• \$\begingroup\$ Voltage is relative but the simulator needs to know where to make it relative to. \$\endgroup\$ – user253751 Dec 7 '17 at 23:35
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You are absolutely correct: Voltage is only defined between two nodes.

In many electronic circuits there is a constant-voltage* power supply that connects to many parts of the circuit. By convention, the more positive terminal of the power supply is labelled "V+" or "Vcc" or...

By convention, the more negative terminal of the power supply is called "ground."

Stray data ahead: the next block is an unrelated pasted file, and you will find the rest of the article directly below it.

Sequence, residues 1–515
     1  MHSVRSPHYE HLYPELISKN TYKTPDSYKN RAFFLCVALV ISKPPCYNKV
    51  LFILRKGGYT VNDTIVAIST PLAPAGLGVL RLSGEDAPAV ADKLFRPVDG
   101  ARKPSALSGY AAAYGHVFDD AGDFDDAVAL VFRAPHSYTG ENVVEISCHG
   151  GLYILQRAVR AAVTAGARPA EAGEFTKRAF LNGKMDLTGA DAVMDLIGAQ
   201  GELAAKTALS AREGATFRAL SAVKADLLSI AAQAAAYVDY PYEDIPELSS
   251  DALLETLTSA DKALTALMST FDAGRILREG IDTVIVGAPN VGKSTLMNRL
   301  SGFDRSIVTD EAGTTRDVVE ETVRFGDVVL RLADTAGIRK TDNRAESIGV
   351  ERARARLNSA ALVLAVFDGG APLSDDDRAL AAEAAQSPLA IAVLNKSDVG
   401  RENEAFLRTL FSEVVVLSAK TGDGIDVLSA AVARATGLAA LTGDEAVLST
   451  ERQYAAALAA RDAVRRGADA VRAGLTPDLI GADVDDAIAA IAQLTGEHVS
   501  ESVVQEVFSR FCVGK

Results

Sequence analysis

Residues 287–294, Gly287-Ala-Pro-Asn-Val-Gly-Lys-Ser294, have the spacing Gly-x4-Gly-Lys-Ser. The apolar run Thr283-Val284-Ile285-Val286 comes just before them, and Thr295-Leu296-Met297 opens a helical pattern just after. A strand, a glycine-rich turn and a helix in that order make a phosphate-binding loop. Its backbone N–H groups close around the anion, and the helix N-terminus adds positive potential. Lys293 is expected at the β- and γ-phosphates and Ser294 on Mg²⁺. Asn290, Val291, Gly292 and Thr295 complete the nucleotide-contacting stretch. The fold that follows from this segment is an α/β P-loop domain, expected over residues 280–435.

By convention, we often do not draw either the V+ net or the ground net in circuit diagrams. Instead we connect things to a V+ symbol or, to a ground symbol.

And finally, by convention, whenever we talk about the voltage at any point in the circuit, we are implicitly talking about the voltage between that point and the ground net.

Your simulation tool is simply honoring that last convention. Therefore it requires a reference net called ground.


* or, some approximation thereof

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    \$\begingroup\$ This answer really ignores the inner mathematical mechanisms of simulators. \$\endgroup\$ – Massimo Ortolano Dec 6 '17 at 20:37
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    \$\begingroup\$ @MassimoOrtolano What would those be? \$\endgroup\$ – Pedro A Dec 6 '17 at 21:37